I compare the landmark windchange in the United States to the odd fervour stirring here in New Zealand around our Civil Union Bill. Our Prime Minister Helen Clark dampens down talk that this is a "gay issue" (she herself said she would have preferred a civil union to a marriage) and took the role of spokesperson for the Bill away from (out gay) Cabinet member Chris Carter and gave it to (out straight) David Benson-Pope. I listen to National Radio to how Civil Unions will be the "same as marriage" except in name only. I thought, "Well, why didn't Helen Clark (after she got married), just go around saying 'Peter and I just had a Civil Union (which it is except in name only!)'"

Yes, the Civil Union Bill will give heterosexual partners an ability to legally cement de facto partnerships in a manner "not called marriage", but ultimately the Bill – because it extends these rights to same sex partners – is going to impact upon gay and lesbian people the most and extend rights to them that were not there before. Why no one has been brave enough to say "Let's just have gay marriage – like Holland and Denmark and Massachusetts do!" is beyond me, but its good to see New Zealand quietly making progress on this issue, like we always seem to do, in our own way.

What Civil Unions lack, I guess, that Marriage doesn't, is passion. Gay rights activists in the States have their eyes on a prize, and that prize is Marriage. With all its associated fun, frivolity, excitement and passion! You can see it in the eyes of the many hundreds of couples who got hitched in San Francisco City Hall last Valentine's February (before the California Supreme Court quashed Mayor Newsom's civil disobedience). The San Francisco Chronicle now has an online album with photos of over 350 couples who married during that time. (8) (I defy anyone to look at this photo (9) and not smile!)

There really isn't the same level of passion and excitement in Civil Unions. I mean, really, could anyone (no matter what each person's gender is) ever really get excited if the love of their life says: "Darling, will you Civil Union me?" America, in all its messiness, has begun to engage in the issue of gay marriage and San Francisco's groundbreaking dash to the gay marriage starting line really changes something in the cultural zeitgeist. Polls of Under 30s in the U.S. shows a general level of majority support for legalised gay marriage, so it is literally only a matter of time before it truly becomes a reality. Both there; and here.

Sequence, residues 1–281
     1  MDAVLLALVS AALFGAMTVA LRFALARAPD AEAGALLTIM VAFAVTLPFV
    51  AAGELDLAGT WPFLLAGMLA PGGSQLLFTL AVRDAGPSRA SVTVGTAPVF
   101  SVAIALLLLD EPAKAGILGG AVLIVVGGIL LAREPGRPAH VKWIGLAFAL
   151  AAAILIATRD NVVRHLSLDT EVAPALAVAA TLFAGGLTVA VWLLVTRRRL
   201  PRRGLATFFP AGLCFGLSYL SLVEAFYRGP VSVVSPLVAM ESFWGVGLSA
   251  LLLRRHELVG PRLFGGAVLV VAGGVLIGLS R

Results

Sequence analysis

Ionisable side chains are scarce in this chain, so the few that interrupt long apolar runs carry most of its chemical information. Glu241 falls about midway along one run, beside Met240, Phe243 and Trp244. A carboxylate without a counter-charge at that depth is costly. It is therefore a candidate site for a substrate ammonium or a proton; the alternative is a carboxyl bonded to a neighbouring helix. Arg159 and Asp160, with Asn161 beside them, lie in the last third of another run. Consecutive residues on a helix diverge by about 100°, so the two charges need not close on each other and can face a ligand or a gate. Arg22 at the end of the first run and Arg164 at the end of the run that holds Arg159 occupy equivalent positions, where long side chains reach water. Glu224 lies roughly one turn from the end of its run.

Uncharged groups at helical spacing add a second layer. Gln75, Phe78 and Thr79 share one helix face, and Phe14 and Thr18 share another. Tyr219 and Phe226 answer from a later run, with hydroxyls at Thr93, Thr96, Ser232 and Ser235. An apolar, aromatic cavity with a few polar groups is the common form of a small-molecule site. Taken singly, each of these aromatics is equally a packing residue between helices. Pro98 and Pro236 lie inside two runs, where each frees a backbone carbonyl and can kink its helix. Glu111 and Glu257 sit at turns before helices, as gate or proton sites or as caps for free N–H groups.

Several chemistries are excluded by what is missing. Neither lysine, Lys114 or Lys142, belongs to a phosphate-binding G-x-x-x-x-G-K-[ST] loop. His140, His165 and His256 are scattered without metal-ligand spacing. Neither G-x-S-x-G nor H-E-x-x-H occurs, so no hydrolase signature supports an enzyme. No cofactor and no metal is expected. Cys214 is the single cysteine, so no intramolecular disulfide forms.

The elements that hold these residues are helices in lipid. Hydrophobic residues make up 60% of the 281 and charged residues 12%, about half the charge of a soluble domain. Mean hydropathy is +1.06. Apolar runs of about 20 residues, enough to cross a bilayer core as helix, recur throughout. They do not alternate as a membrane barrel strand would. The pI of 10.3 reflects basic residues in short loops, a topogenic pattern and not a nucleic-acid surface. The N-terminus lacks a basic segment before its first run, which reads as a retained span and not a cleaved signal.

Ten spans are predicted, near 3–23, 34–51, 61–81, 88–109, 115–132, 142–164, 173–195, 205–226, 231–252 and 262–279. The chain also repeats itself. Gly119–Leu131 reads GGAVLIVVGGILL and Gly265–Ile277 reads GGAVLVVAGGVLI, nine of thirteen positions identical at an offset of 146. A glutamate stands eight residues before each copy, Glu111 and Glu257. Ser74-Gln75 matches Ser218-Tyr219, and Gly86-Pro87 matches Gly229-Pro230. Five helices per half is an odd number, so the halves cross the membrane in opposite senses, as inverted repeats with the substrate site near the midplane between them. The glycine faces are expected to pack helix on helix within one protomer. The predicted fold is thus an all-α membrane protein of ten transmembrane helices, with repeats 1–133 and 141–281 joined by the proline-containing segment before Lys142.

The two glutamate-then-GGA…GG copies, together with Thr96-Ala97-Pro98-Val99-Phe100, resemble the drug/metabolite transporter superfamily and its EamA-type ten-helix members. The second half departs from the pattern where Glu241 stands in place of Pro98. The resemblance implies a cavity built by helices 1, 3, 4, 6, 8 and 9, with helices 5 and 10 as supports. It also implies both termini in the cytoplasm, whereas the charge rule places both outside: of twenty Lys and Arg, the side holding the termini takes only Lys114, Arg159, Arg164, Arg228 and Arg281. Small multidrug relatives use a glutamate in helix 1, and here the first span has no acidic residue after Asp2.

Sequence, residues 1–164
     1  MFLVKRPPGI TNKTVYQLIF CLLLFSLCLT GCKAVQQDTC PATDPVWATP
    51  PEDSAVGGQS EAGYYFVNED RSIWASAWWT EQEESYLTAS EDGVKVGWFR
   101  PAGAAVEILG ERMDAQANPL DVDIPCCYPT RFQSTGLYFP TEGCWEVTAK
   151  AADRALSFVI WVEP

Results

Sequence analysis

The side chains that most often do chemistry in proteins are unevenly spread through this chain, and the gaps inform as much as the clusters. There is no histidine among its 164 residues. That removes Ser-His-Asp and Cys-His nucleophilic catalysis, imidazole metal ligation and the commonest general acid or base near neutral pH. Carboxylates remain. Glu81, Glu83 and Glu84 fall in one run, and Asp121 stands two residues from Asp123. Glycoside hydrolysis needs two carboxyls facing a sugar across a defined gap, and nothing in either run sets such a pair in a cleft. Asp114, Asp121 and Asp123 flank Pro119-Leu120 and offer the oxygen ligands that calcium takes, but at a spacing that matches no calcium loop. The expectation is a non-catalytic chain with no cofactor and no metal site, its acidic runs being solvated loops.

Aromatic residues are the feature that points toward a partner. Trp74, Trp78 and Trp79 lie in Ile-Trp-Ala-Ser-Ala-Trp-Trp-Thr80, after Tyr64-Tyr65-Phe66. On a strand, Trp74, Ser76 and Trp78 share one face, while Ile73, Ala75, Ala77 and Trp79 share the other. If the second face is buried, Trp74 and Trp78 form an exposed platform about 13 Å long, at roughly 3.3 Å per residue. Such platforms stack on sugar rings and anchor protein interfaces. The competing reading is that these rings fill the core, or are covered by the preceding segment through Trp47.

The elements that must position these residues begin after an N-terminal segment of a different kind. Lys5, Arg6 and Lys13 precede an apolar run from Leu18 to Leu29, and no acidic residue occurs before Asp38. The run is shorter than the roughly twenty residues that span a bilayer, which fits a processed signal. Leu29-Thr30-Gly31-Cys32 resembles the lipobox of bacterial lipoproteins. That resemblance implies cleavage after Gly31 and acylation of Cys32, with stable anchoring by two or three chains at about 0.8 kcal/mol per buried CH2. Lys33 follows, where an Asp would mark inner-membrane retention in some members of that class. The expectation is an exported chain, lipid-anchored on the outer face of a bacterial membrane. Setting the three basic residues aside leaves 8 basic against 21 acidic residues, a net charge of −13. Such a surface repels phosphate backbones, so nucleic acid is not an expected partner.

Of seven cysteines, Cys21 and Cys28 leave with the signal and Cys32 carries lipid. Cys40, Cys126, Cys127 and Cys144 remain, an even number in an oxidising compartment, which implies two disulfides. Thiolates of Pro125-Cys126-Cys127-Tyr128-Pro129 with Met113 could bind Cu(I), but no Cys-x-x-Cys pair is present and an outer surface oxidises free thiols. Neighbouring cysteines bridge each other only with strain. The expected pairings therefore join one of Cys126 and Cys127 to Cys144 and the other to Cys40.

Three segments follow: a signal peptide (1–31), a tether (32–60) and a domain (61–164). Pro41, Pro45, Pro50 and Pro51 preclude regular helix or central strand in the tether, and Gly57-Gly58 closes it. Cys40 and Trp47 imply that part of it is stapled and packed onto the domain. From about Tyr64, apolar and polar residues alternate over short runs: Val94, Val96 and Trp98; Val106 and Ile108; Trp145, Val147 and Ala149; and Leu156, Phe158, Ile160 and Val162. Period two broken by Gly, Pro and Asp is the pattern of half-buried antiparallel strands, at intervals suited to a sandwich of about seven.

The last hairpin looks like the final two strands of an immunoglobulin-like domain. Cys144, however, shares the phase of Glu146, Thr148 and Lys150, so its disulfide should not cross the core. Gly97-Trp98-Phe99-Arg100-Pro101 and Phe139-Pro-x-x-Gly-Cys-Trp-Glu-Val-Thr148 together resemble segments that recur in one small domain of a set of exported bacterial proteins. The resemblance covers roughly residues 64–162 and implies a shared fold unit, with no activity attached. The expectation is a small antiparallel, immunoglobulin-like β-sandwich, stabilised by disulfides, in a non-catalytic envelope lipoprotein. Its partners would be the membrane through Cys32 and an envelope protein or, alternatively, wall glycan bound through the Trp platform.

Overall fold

The other area where the tide is turning in Aotearoa NZ is the emergence of the Maori Party. It now has a logo, a structure, members and an establishment date (a National Hui is set for early July in Otaki), but (unfortunately) no website yet. The Maori Party is reaching out for the Pacific Islands vote, has Pakeha members, and should be heartened by a recent poll that found more Non-Maori people are watching Maori television that Maori people. Whilst the Maori Party is emerging in the polls, Labour's also bumping back up, with Helen still in a dominant spot over Don Brash as preferred Prime Minister.

Now all that needs to happen is some progressive change with the upcoming local government elections. I could go on for quite a while here about how Mayor Banks' version of the "truth" around the economic, ecological and social impacts of the proposed Eastern Motorway reminds me of another fellow who's last name starts with "B", but I'll leave that commentary for a future posting. I do, however, think this select quote from today's Herald says it all: "I don't want to destroy any more of Hobson Bay than I reasonably have to meet the demands of moving goods, services and people across Auckland," Mr Banks said. (10) "John Banks: Self-Confessed Destroyer" – now that's a great campaign slogan! (10)

I myself have been musing on local political moves (I even thought briefly about running against Hone), but since my Mum has already confirmed she's running again for Wairoa District Council (11) I think I'll have to be on the backup team this round. And, of course, put more of my voluntary time and effort into some of the local projects I've been working on, like the recently launched Wairoa Maori International Film Festival (12).

There's still two or three months of cold weather left here in Nuhaka before the buds of spring start to peek there way through, but I can't help but think that perhaps the world's future is already a bit brighter. It's hard to imagine Bush actually carrying himself into a second term in America; I'm hoping for the best, and finding it really hard to expect the worst. And, sure, the political tide is tilting right-wards here in New Zealand, but I also can't help but think there's an innate sense of fairness and goodness and progressiveness here that sets us apart and bodes well for the future. Plus we've got MMP.

Last year I wrote articles about the bad things going on in the world and finding myself looking for more and more negative signals of what was going on. This year I find myself looking for the positive signals. Positive signals to support a little contention I have that perhaps is becoming a conclusion.

That the world's awoken from the nightmare, and the tide is starting to turn.

* * ENDS * *


The first public screenings in NZ of Fahrenheit 9/11 are the NZ Film Festival screenings in Wellington and Auckland on July 20th.

Russell Brown has an excellent run-down on the Civil Union debate at His critique of NZ media drawing on overseas opinion on social values is particularly important.

The best and most thoughtful review of Fahrenheit 9/11 I've found is by Steve Winn in the San Francisco Chronicle:

The worst, on, is by the vagabond Christopher Hitchens. Though maybe I'm biased?














(13) Have I even mentioned the U.S. Supreme Court decision to extend full rights of citizenship (and legal representation) to detainees in Guantanamo Bay? How about Governor Schwarzenegger vetoing Federal mandates to not support low emission vehicles?

****** ENDS ******

ABOUT NAKED IN NUHAKA Leo Koziol ( writes essays on ecology, identity, culture, place and politics in Aotearoa NZ in the 21st Century. Nuhaka is located on the East Coast of the North Island of NZ.